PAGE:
If chroot or I were tasked with a project like this, then I think you can tell that we would be looking in detail at all aspects of the situation, including what your supervisor is really doing with whatever capacitors and wherever they are "putting" them. So many things go into the error rate and error thresholds for transmission line systems -- I think it's a bit over-simplified to say something like "hey, this isn't acting like a highpass filter like I expected".

    I think that the most productive thing you could do would be to sketch the two SD / HD transmission systems, including all components, encoding schemes, and other relevant aspects, and then show where in each your supervisor is "putting" the capacitor, and summarize the different things that might be going on. If you could include an impedance analyzer trace of the Z of the capacitors in the way that they are being hooked up, that will help some. And if you could use the gain-phase side of your impedance analyzer to plot the complex transfer function through the transmission system with and without the capacitors, that will probably be the most telling evidence of what is going on.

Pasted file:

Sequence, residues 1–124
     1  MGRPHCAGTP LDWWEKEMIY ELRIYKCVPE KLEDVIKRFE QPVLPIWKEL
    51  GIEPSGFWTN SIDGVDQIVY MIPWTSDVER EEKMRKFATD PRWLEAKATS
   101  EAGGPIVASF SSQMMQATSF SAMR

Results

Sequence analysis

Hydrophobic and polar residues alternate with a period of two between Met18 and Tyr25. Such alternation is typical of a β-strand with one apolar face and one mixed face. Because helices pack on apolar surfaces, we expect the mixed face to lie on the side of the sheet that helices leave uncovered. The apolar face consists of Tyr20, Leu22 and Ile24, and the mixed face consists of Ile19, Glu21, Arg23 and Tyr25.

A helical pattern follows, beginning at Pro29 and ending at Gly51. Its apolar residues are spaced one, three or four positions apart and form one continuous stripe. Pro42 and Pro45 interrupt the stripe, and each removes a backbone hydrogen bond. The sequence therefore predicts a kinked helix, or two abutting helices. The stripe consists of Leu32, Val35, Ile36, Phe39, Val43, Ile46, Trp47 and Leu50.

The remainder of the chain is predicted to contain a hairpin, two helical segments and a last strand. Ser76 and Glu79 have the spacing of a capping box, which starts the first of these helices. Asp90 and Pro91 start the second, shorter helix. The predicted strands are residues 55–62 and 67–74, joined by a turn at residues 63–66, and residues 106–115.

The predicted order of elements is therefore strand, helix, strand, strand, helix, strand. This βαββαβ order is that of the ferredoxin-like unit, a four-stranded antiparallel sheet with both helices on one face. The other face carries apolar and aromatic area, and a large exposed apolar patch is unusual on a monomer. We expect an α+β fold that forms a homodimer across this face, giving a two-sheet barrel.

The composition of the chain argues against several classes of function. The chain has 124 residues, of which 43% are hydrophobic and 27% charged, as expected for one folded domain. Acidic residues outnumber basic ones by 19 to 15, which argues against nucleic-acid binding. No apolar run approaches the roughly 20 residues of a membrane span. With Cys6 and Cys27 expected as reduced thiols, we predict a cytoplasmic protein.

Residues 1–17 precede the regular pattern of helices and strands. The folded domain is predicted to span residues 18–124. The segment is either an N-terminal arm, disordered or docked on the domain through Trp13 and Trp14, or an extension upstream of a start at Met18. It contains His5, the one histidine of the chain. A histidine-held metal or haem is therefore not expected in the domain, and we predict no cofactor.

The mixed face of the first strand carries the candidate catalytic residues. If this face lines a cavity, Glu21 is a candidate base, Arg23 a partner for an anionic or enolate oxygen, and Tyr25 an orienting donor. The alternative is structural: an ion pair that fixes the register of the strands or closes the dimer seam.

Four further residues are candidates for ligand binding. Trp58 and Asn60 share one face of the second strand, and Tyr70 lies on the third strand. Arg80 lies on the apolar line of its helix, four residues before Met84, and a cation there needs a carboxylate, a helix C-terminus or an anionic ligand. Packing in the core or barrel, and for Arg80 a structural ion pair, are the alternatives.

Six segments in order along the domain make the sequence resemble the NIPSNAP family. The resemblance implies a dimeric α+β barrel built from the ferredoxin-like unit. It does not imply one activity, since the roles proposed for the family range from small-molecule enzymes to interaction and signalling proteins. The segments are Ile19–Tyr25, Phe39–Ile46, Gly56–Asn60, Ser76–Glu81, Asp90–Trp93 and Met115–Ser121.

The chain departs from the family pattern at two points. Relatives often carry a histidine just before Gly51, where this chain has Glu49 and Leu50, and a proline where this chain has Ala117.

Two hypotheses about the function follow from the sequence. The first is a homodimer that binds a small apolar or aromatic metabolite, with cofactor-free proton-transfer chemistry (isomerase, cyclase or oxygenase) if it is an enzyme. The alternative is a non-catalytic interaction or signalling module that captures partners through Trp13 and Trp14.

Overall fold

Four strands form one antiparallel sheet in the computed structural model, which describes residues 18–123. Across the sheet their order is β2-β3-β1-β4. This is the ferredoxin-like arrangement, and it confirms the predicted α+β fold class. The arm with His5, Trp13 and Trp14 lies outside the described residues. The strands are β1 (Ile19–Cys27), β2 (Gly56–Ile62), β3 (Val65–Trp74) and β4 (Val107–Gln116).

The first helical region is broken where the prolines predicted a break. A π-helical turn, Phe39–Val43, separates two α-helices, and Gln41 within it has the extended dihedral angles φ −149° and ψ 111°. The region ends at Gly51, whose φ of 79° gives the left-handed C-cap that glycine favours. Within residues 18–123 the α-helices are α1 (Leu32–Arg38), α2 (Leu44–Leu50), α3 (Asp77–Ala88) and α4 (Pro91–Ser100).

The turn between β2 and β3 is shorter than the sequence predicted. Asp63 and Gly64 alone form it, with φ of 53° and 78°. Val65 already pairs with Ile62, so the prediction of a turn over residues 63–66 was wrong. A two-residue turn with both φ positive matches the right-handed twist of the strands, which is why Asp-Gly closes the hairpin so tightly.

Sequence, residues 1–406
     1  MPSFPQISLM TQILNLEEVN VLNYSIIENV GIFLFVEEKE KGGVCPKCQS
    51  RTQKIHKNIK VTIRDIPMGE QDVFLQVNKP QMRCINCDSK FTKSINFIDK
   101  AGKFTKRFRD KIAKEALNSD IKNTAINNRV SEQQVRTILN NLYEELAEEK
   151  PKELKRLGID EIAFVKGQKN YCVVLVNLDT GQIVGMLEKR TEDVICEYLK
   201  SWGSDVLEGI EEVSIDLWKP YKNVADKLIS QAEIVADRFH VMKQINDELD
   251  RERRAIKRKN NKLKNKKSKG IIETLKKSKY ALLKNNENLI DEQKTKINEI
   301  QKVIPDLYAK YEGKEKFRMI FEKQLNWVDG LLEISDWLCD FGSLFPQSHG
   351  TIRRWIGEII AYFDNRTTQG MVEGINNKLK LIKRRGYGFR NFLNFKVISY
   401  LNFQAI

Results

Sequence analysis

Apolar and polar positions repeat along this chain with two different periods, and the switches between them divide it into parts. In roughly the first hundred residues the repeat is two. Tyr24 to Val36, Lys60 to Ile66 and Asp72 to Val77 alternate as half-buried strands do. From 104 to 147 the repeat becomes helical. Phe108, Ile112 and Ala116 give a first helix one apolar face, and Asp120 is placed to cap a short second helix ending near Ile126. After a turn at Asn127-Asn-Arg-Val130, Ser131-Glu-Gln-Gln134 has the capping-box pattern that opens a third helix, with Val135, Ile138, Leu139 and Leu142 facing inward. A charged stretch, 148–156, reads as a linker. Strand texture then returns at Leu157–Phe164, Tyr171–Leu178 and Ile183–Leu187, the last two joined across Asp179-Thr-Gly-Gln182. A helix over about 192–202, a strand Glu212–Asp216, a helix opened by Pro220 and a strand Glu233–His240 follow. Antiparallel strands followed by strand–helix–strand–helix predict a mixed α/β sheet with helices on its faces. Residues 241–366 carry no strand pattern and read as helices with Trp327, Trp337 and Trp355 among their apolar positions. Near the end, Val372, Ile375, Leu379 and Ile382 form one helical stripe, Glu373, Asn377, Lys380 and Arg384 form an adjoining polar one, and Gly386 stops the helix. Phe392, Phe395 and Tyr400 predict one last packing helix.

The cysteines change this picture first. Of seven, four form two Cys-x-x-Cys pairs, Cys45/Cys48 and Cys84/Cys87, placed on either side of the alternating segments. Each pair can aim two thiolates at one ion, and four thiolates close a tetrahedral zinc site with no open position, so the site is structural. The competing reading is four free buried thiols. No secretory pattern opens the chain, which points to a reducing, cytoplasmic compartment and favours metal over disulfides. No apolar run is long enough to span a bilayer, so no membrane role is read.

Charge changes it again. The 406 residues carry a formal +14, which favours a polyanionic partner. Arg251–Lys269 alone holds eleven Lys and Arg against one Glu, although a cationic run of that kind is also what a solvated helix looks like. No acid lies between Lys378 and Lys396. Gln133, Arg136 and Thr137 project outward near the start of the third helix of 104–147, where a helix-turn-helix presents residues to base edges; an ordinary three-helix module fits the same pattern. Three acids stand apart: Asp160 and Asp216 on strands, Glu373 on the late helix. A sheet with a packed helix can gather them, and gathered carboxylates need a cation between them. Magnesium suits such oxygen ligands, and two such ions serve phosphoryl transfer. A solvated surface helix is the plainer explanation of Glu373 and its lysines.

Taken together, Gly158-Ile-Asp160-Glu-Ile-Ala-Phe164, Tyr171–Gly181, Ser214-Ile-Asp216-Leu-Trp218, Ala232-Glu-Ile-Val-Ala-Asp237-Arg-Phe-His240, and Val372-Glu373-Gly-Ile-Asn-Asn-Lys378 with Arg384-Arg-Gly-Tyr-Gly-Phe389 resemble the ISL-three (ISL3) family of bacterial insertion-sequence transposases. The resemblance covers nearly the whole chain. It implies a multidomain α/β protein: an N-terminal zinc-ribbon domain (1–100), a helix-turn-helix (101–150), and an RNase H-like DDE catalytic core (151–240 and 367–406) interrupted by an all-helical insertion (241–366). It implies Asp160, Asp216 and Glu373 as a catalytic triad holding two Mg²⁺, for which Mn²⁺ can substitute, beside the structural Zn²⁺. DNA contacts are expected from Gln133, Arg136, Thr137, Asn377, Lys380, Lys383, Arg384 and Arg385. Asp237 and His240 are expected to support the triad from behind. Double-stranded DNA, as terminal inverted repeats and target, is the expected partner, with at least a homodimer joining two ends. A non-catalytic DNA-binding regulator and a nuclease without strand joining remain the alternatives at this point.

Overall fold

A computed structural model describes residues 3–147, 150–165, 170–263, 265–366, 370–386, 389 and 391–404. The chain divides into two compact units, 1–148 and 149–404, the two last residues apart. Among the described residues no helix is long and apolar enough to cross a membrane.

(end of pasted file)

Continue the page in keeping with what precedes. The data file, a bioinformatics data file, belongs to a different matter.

If your supervisor is just hacking capacitors of unknown RF characteristics into places where you normally don't put components, then the actual explanation for what is going on could have nothing at all to do with a simple RC filter effect. I hope that is fairly clear to you now from all of this.

    Best of luck. See you around the PF.
     
  15. Jun 19, 2007 #14
    As a follow-up from before, I've had another discussion recently with the boss as he was away at a trade show for the past few days. All I think he did was confuse me a little bit more, so any help is still greatly appreciated.

    He told me that we are talking about exactly the same driver for both the SD and HD and this sort of stuff should not be taken into consideration as they have idealized the situation. The question is simply due to the test patterns that are being used. He drew out both the equalizer test (19 bits high, 1 low and then vise-versa) and the pathological test (20 bits high then 20 low), and suggested looking into the DC offset associated with both.

    The only other new information he gave me was how the bit was randomized, which may or may not be useful. Its first (I believe he said 20 bits) into a scrambler which uses the function G1(x) = x^9 + x^4 + x. This output then goes into a NRZ to NRZI converter which uses the function G2(x) = x + 1. this output then heads into the serializer which produces a single 1 bit output.

    Hopefully some of this information is a little more useful to you guys then myself. Any input would help.

    Thanks,
    Chris